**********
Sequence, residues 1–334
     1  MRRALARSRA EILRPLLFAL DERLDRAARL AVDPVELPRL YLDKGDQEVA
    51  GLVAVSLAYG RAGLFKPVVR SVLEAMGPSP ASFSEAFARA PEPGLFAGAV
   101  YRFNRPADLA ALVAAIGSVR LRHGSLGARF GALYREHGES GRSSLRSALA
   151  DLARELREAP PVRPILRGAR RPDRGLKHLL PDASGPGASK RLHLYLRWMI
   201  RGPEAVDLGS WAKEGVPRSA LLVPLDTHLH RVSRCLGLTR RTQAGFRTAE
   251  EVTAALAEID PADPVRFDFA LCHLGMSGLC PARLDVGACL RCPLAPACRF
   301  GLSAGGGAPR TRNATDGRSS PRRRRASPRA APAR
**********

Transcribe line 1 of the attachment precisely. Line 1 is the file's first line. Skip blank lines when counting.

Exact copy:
Sequence, residues 1–334